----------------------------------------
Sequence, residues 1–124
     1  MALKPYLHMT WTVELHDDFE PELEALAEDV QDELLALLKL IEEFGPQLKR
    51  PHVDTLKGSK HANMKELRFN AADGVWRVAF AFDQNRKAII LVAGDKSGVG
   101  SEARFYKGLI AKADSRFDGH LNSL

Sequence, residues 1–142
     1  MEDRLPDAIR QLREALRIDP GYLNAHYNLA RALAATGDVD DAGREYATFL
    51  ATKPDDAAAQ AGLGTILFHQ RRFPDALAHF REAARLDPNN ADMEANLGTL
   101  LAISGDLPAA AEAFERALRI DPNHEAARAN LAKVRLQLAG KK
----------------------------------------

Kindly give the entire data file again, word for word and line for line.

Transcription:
Sequence, residues 1–124
     1  MALKPYLHMT WTVELHDDFE PELEALAEDV QDELLALLKL IEEFGPQLKR
    51  PHVDTLKGSK HANMKELRFN AADGVWRVAF AFDQNRKAII LVAGDKSGVG
   101  SEARFYKGLI AKADSRFDGH LNSL

Sequence, residues 1–142
     1  MEDRLPDAIR QLREALRIDP GYLNAHYNLA RALAATGDVD DAGREYATFL
    51  ATKPDDAAAQ AGLGTILFHQ RRFPDALAHF REAARLDPNN ADMEANLGTL
   101  LAISGDLPAA AEAFERALRI DPNHEAARAN LAKVRLQLAG KK